Cancer and its Causes

Some of the cells of our body can grow uncontrollably and can spread to the other parts of the body, this condition is called cancer. Human body consists of trillions of cells with their own structure and function. A recent estimate by the scientists tells the average number of cells in the human body is around 37 trillion; written as 37,000,000,000,000.

Among all these, any cell can develop into cancerous cells, infiltrate the normal human tissue and has the capacity to spread all over the body.
It is the most dreadful disease with a very high incidence in the 21st century, every 1 person among 4 has the chance of being diagnosed with cancer. There are 200 different types of cancer. 1/3rd of the people diagnosed with cancer are estimated to die because of cancer. Prostate cancer is the leading site of cancer in male and breast cancer accounts for most cancers in females. The most deaths are caused by respiratory (lungs and bronchus) cancer, followed by prostate and breast cancer in male and female respectively.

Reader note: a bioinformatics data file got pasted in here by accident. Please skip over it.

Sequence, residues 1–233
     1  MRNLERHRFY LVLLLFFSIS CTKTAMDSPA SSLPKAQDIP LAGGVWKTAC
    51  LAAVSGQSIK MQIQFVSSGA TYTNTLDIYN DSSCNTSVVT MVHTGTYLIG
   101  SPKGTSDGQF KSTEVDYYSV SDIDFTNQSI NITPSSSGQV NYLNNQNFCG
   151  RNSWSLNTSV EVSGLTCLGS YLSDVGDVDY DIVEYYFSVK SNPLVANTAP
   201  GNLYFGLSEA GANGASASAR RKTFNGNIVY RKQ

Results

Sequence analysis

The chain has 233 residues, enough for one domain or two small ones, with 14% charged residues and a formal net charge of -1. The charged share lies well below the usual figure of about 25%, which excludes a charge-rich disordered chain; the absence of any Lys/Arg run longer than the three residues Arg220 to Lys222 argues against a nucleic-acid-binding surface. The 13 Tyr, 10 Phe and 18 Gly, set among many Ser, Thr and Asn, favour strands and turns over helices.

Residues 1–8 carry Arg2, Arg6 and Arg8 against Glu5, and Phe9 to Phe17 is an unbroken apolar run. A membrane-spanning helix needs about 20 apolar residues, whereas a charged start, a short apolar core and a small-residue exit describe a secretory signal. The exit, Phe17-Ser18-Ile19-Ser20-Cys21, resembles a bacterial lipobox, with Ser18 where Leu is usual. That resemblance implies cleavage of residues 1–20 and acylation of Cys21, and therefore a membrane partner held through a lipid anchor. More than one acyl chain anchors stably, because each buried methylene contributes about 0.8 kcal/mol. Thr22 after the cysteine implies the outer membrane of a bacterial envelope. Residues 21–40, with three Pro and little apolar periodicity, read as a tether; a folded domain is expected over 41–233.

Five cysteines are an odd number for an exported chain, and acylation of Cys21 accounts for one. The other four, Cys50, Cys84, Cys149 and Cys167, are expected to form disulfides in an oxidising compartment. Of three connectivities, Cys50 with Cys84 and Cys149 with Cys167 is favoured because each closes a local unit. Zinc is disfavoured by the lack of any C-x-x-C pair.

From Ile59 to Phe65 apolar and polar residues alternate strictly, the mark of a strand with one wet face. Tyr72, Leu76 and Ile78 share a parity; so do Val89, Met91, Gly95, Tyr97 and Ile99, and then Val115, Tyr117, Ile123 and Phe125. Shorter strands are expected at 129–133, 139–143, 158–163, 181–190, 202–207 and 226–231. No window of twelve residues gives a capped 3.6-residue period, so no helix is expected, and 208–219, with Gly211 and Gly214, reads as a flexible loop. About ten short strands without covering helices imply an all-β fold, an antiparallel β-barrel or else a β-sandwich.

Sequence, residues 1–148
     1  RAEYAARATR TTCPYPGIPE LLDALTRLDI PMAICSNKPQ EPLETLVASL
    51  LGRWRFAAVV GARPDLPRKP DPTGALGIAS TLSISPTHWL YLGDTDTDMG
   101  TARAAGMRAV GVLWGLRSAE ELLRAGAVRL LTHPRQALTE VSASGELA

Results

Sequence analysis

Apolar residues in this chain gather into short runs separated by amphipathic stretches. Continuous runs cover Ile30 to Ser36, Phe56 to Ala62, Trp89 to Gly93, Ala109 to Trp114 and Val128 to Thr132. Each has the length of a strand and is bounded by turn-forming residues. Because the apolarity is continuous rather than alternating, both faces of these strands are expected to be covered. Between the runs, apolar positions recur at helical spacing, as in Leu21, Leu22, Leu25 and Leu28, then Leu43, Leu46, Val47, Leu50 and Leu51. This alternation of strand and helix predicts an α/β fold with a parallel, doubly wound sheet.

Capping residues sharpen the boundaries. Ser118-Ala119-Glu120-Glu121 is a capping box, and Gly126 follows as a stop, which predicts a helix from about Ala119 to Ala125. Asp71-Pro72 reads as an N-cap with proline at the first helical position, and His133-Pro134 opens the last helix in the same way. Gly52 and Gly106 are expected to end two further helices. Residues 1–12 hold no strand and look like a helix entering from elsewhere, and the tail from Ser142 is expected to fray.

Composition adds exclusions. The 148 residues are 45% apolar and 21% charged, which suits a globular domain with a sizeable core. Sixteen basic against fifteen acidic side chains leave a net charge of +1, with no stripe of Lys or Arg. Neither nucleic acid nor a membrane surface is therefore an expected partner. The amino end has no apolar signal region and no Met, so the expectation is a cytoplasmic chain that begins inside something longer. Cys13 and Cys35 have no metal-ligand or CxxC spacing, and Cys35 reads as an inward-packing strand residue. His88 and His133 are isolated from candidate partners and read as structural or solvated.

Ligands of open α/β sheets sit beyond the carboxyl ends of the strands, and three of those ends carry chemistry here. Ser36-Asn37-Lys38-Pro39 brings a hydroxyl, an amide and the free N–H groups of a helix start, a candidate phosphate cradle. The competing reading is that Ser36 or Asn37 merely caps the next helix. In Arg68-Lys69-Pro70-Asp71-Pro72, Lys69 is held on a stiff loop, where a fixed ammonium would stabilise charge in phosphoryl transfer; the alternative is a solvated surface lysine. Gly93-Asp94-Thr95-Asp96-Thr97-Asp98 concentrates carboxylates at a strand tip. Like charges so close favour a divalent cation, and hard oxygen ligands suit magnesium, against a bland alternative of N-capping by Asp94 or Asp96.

Together with the morbidity, mortality and the quality of life; Cancer leads to economic impact to the patient, healthcare system and the country causing an economic burden. The medical care costs for cancer in the U.S. were $183 billion in 2015 and are projected to increase to $246 billion in 2030.

Causes of Cancer

  • Genetic cause
  • Behavior / Lifestyle
  • Environmental Cause
  • Virus and Bacterial Infections

Genetic Cause

Gene mutations leading to cancer can either be inherited or acquired. The mutated gene from sperm or ova leasing to zygote formation leading to Germline/ hereditary mutation accounts for only a very less fraction of total cancer cases.  Acquired mutation in the gene is developed in some other time later in life and cannot be passed to offspring as they are not present in ova or sperm. A Healthy individual can acquire mutations through exposure to radiation, cigarette smoke, hormones, diet etc. However, mutations can occur randomly. Every time a cell divides into two, it has to go through replication of DNA during which sometimes mistakes can happen while making a new copy and not rectifying that ultimately leads to mutations which might cause cancer.